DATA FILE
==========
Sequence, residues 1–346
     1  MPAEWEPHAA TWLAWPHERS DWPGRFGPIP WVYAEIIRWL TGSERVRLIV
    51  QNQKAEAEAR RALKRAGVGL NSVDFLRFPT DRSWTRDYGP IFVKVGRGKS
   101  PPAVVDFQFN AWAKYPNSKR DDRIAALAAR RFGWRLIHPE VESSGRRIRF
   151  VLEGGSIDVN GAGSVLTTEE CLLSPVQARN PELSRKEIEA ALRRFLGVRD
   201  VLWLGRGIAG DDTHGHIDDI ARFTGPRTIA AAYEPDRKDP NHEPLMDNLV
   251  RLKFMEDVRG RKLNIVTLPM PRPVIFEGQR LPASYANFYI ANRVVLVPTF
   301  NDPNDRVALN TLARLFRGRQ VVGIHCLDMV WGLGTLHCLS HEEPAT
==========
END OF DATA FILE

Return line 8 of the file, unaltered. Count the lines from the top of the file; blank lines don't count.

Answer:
   301  NDPNDRVALN TLARLFRGRQ VVGIHCLDMV WGLGTLHCLS HEEPAT